Friday, 26 April, 2019

Explosion Near Clerics Gathering Leaves Seven Dead

People gather outside a voter registration center which was attacked by a suicide bomber in Kabul Sunday At Least 14 Killed by Blast Near Gathering of Afghan Clerics in Kabul – Police
Deanna Wagner | 04 June, 2018, 19:16

The bomber detonated his explosives near the entrance of a compound where over 2,000 religious scholars were meeting in the tent of the Loya Jirga, the council of elders, close to the Kabul Polytechnic University immediately after the clerics issued a fatwa against suicide bombings, the Afghan media reported. The clerics were meeting in a traditional tent.

"According to our initial information, seven people have been killed including a policeman".

Taliban denied any involvement in the attack.

Shortly before the attack struck, the clerics had issued a fatwa, or religious ruling, against suicide bombings and urged peace talks to end the Afghan war.

"We are giving a verdict for the immediate cessation of the war and that suicide attacks are illegal in Islam", Khoda Bakhsh Mohseni, a member of the government-appointed council, told the attendees.

The Taliban often claim their fight against the foreign forces and their followers in the country is a holy war.

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The Ulema Council - seen by the militants as having some links to the government - termed suicide attacks and explosions "haram", or prohibited in Islam. No group immediately claimed responsibility for the attack. They have issued such fatwas in the past. "It is illegal according to Islamic laws and it does nothing but shed the blood of Muslims".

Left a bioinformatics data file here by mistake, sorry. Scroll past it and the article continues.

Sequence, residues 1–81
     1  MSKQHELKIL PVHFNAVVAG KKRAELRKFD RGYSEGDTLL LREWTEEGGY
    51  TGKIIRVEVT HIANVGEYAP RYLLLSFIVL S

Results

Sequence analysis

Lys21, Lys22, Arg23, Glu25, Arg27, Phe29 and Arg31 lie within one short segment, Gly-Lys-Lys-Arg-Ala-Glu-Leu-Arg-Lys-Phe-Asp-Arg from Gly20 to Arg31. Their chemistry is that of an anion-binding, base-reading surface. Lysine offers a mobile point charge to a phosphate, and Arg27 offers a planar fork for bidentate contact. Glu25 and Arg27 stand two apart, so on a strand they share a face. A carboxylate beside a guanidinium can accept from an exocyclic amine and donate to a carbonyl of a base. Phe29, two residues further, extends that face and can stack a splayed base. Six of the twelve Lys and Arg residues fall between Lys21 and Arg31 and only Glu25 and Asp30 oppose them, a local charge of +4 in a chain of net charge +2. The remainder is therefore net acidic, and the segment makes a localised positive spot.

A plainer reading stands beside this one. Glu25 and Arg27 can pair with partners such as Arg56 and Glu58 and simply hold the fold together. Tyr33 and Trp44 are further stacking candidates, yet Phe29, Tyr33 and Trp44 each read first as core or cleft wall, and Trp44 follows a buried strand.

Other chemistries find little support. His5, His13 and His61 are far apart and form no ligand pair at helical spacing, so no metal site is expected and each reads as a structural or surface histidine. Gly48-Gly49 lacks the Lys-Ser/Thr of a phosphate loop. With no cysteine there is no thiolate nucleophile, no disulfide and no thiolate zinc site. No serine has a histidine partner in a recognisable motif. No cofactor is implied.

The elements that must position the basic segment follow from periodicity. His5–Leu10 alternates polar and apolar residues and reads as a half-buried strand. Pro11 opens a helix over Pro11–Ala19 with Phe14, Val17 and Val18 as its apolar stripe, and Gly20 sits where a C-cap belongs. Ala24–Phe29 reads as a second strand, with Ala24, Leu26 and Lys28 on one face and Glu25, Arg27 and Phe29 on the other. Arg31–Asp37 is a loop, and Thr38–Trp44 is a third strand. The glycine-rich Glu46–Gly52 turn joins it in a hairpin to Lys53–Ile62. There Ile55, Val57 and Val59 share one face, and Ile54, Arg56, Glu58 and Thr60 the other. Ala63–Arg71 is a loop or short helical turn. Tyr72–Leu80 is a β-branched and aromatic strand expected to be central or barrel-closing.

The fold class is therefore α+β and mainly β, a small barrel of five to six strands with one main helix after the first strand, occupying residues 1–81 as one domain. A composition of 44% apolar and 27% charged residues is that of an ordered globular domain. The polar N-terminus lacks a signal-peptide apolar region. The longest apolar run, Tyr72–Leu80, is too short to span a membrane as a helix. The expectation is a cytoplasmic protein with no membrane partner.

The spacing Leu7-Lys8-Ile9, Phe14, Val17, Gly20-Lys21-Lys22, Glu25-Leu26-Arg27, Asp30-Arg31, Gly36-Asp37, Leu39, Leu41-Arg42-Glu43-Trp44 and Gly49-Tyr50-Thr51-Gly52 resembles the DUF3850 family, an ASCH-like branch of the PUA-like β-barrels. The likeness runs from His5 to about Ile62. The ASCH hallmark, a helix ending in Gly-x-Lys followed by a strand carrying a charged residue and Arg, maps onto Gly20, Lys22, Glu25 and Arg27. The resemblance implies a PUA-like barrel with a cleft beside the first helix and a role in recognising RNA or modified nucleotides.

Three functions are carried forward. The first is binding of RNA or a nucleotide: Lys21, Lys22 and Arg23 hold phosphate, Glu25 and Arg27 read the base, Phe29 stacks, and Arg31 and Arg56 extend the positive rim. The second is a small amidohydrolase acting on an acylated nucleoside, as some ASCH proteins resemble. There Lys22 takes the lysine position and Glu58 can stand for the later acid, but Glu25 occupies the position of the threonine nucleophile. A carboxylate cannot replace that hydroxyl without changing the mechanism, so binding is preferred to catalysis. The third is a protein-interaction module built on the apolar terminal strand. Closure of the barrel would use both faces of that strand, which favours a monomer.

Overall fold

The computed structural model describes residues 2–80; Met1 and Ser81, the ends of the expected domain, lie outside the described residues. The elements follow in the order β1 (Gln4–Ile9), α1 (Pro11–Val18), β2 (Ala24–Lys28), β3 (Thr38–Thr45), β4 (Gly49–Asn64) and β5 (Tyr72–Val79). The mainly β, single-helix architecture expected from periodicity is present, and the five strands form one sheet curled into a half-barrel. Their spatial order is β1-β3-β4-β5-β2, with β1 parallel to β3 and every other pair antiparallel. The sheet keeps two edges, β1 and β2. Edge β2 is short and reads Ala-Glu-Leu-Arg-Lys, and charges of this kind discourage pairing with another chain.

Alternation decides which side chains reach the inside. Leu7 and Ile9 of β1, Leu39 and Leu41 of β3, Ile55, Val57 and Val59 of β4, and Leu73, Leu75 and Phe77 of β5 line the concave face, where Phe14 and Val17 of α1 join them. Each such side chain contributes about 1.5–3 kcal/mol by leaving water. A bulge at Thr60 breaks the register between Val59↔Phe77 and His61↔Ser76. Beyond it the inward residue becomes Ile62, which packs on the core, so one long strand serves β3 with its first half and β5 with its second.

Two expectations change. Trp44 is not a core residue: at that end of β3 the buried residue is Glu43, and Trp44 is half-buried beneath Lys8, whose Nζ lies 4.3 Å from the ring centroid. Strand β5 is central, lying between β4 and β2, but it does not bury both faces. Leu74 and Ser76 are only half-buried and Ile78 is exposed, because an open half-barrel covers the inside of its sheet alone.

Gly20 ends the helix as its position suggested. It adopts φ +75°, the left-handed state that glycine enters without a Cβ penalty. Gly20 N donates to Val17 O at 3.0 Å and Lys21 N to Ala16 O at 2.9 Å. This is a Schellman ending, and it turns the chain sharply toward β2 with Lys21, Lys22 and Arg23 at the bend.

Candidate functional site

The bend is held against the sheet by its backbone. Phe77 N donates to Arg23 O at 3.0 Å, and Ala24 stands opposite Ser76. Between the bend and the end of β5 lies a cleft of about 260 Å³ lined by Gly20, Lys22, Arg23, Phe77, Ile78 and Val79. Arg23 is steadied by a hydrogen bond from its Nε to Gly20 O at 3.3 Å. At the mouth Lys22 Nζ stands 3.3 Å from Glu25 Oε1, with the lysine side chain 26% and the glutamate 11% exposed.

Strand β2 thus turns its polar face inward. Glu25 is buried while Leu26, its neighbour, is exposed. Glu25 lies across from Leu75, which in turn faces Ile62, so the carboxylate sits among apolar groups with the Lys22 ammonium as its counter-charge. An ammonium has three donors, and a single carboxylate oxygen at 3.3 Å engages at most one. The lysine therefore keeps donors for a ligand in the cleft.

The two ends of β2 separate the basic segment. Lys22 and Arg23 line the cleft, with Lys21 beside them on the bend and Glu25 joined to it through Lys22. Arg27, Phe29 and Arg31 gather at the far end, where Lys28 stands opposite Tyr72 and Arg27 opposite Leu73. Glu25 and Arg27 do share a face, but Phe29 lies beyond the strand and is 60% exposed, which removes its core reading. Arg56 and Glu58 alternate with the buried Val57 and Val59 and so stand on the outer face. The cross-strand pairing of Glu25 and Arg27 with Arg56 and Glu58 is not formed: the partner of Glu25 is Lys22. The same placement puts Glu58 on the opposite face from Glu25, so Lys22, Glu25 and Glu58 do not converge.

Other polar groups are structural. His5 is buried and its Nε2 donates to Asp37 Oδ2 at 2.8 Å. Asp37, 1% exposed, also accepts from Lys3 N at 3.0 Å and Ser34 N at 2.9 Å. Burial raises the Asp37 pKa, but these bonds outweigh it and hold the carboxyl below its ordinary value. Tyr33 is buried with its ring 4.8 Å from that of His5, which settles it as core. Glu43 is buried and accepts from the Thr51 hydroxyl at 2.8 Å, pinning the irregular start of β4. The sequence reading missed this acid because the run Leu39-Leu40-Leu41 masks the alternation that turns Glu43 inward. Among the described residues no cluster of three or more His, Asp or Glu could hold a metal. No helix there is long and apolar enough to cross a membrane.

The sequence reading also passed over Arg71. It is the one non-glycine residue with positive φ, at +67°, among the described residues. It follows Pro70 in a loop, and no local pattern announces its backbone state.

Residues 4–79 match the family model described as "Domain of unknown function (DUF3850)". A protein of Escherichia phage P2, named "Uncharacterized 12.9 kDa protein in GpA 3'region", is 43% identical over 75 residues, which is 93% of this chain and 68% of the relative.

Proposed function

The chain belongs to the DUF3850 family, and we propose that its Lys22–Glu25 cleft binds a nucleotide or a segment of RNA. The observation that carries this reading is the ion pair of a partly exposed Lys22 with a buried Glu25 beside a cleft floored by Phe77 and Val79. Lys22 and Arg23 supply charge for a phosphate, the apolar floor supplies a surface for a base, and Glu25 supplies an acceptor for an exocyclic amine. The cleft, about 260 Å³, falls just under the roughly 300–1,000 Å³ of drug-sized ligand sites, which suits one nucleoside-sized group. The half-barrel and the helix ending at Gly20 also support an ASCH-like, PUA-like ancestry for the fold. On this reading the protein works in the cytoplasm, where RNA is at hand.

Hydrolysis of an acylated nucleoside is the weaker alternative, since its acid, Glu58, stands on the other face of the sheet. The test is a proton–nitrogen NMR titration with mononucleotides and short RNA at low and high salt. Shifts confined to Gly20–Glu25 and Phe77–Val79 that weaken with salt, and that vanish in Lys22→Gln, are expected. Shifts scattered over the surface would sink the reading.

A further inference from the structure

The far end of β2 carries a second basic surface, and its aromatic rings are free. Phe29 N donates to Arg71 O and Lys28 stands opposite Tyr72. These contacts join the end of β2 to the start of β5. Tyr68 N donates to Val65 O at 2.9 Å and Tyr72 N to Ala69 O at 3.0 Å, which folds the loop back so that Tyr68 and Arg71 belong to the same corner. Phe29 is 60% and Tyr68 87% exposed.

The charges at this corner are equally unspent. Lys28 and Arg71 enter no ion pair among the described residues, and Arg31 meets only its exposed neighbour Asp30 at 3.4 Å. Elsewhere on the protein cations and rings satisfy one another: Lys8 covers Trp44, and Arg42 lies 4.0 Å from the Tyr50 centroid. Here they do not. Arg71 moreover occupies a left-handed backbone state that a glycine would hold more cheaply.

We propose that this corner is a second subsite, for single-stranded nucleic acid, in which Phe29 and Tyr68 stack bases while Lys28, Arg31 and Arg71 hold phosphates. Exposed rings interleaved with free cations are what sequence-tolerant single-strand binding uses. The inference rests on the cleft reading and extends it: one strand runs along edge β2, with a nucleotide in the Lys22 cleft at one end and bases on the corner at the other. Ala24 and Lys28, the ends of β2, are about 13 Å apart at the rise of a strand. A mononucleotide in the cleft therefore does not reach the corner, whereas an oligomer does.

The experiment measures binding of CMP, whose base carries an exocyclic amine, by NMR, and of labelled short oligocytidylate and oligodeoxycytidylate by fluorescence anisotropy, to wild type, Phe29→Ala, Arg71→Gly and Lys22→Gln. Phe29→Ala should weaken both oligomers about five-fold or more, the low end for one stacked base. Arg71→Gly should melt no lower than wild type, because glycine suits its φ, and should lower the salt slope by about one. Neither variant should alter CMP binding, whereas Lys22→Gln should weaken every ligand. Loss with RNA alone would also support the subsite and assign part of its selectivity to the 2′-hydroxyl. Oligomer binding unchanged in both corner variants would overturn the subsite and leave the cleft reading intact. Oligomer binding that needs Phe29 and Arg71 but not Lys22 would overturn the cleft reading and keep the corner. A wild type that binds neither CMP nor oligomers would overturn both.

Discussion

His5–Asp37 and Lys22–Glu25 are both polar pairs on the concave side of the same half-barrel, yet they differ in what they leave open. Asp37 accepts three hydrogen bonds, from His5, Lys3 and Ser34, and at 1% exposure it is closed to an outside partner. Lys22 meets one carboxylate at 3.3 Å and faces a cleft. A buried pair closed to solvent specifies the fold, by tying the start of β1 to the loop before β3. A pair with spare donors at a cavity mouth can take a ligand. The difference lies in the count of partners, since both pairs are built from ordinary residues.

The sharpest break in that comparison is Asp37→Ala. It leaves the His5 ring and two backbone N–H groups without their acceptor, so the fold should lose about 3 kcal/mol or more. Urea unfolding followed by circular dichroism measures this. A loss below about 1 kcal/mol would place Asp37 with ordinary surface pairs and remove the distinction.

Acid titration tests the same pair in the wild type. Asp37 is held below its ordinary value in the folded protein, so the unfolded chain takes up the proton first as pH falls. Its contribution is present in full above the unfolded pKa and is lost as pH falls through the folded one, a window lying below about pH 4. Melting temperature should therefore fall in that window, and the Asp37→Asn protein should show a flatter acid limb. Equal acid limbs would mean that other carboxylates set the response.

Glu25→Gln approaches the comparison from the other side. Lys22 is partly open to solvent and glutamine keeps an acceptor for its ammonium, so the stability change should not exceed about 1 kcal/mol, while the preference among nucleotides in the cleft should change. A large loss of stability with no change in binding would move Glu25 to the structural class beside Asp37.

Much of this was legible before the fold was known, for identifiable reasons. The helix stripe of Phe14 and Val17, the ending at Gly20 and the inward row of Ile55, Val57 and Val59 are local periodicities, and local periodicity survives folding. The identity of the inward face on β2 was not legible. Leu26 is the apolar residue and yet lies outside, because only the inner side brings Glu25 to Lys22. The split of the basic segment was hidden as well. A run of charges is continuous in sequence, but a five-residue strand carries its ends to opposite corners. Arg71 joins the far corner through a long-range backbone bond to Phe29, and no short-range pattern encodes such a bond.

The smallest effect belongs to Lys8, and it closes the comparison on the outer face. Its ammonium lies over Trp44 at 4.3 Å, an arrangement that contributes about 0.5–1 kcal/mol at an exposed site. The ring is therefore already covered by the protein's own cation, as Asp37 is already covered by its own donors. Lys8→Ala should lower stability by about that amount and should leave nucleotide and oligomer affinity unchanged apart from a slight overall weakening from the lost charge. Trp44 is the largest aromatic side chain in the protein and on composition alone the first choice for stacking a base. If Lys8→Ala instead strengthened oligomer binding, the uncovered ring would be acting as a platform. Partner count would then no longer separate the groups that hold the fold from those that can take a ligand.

In February, Afghan President Ashraf Ghani offered to allow the Taliban to establish itself as a political party and said he would work to remove sanctions on the militant group, among other incentives, if it joined the government in peace negotiations. The group has not officially responded, but deadly attacks have proliferated since then, particularly in Kabul.

Kabul accounted for 16 percent of all civilian casualties previous year, when 1,831 civilians were killed or wounded nationwide, according to the United Nations.

Suicide attacks in Afghanistan are frequently condemned as fanatical and immoral, especially when civilians are killed, but insurgents view the tactic as their most effective weapon.

Many fearful residents have restricted their movements as a result, afraid to linger in bazaars or to become trapped in traffic during rush hour, a prime time for attacks.